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Studies examine optimal topical, systemic Txs for AD

Photo by: James Heilman, MD, via Wikimedia Commons

Two reviews from researchers at McMaster University in Hamilton have identified the most effective topical and systemic treatments for atopic dermatitis (AD).

The goals of the studies were to evaluate all treatment options for AD, and to optimize disease management among patients, caregivers, and clinicians, the researchers noted.

Both papers were published in The Journal of Allergy and Clinical Immunology.

The study assessing topical treatments included 219 trials of AD topical treatments identified through MEDLINE, EMBASE, CENTRAL, CINAHL, LILACS, ICTRP, and GREAT searches to Sept. 5, 2022. The number of patients totalled 43,123, with 68 topical interventions.

Led by Dr. Derek Cho, assistant professor in the Department of Medicine at McMaster, the researchers assessed patient-important outcomes such as AD severity, itch, sleep, AD-quality of life, flares, and potential harms.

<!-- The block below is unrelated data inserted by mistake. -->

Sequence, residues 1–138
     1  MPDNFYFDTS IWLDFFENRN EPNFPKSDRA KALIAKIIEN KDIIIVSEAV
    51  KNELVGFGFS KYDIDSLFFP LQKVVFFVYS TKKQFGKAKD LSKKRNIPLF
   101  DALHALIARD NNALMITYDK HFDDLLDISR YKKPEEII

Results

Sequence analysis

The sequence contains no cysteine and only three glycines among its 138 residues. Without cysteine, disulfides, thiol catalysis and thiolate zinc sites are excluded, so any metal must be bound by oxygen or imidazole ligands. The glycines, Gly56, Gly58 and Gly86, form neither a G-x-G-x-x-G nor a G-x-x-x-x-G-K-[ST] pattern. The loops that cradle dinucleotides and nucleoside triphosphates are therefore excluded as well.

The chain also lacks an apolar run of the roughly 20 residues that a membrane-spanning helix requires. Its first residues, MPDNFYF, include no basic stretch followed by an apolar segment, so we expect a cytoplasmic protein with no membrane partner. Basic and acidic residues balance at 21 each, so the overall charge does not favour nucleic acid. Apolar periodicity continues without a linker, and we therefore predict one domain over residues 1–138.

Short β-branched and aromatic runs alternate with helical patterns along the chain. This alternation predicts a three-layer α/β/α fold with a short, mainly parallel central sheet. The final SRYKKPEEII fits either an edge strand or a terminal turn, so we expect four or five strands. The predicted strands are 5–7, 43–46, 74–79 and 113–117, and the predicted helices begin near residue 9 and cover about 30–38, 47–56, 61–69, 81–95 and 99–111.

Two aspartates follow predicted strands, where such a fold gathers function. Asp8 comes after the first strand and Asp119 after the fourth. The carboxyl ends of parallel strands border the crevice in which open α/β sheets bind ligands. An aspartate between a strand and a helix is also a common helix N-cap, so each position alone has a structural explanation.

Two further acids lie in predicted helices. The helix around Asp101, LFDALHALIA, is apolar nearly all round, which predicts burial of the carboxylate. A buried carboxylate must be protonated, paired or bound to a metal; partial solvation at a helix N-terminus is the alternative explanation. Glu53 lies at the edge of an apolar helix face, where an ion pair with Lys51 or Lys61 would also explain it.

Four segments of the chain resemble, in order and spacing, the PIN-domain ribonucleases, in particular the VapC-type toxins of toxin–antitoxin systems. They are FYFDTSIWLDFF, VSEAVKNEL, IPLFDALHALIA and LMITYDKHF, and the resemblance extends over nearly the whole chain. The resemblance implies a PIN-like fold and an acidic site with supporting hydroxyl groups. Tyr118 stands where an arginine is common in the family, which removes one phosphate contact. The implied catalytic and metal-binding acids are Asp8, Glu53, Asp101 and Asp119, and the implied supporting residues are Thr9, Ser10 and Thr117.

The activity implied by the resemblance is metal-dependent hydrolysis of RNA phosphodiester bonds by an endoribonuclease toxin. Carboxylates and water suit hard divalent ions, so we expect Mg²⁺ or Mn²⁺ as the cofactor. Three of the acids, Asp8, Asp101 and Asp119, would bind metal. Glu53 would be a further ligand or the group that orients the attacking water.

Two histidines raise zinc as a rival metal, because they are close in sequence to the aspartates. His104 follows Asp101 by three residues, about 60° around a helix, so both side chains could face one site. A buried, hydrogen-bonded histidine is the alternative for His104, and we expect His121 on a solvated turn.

In the topical study, the researchers determined the topical calcineurin inhibitors pimecrolimus and tacrolimus, and moderate-potency topical corticosteroids were among the most effective in improving and maintaining outcomes. They report that topical antibiotics alone or in combination may be among the least effective.

The same group of researchers also evaluated systemic treatments for AD in another study using the same literature review approach (but up to Nov. 29, 2022) for randomized trials addressing systemic treatments and phototherapy for AD. In this search, they identified 149 randomized controlled trials involving 28,686 participants and 75 systemic treatments.

They determined that among individuals with moderate-to-severe AD, high-dose upadacitinib was among the most effective in addressing multiple patient-important outcomes, but also had the most side effects. High-dose abrocitinib and low-dose upadacitinib were also effective but can produce side effects. Dupilumab, lebrikizumab, and tralokinumab have intermediate effectiveness and a favourable safety profile, the researchers reported.


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